What's the biggest misconception people have about single parenting?
Perhaps the greatest misconception re single parenting is the same as for any parenting - that there is one best way, or a narrow definition of how kids will react to various situations, and how we - as parents - should respond.
My experience of single (virtually solo) parenting is not the same as that of a mother who co-parents 50-50. My challenges with one artistic, introverted child and the other, gregarious and emotionally aware, is not the same as another parent's challenges. Finances and health are huge factors in overall stability in any home, and even more so the solo parenting home. Challenges in the teen years with only one parent are dramatically different than early years.
There is no one-size-fits-all single parent family, and no one-size-fits-all set of solutions to the issues that will present.
What's the most rewarding thing about being a single parent?
As we were unable to keep our home following divorce, which meant leaving life-long friends (for my kids), a neighborhood support system, and the familiarity that made us feel safe, re-establishing "home" in another neighborhood was a challenge. It took time. A good deal of time. Our lives were very different post-divorce, due to finances. But ultimately we made our little place "home" with memories, an open-door policy to all the kids' friends, and focusing on what really matters - honest dialog, the freedom to express one's feelings, unconditional love (which does not mean dispensing with a firm hand when needed).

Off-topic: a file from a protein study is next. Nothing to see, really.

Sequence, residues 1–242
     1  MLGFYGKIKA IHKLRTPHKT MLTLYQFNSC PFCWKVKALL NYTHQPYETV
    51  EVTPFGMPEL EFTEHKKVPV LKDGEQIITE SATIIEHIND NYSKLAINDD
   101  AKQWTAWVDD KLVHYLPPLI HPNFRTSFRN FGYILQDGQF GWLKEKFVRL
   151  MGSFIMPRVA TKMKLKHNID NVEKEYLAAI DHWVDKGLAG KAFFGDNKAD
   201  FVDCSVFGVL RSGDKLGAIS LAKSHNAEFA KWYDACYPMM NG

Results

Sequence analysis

There is no "one most rewarding thing" in being a single parent, but I will say that refashioning a sense of home and stability is very rewarding - knowing that my kids have that sense of security.
Beyond that, as I have watched my children move into adolescence and now, in college, continue to grow and learn so much - I see their autonomy and independence and decency, and realize that some of those hardships we went through have made them compassionate as well as strong.
What's the most important thing being a single parent has taught you?
Get back up.
It's not easy. In fact, it's damn difficult at times. There's much that's not in our control - an accident, an illness, the economic downturn.
Life will knock us down over and over again. We must get back up. Even if we don't do it for ourselves (though we should), we do it for our children. And in doing it, we must find the perspective to face our challenges honestly, but with the perspective that fundamentals are what matter: healthy kids, tangible values, family.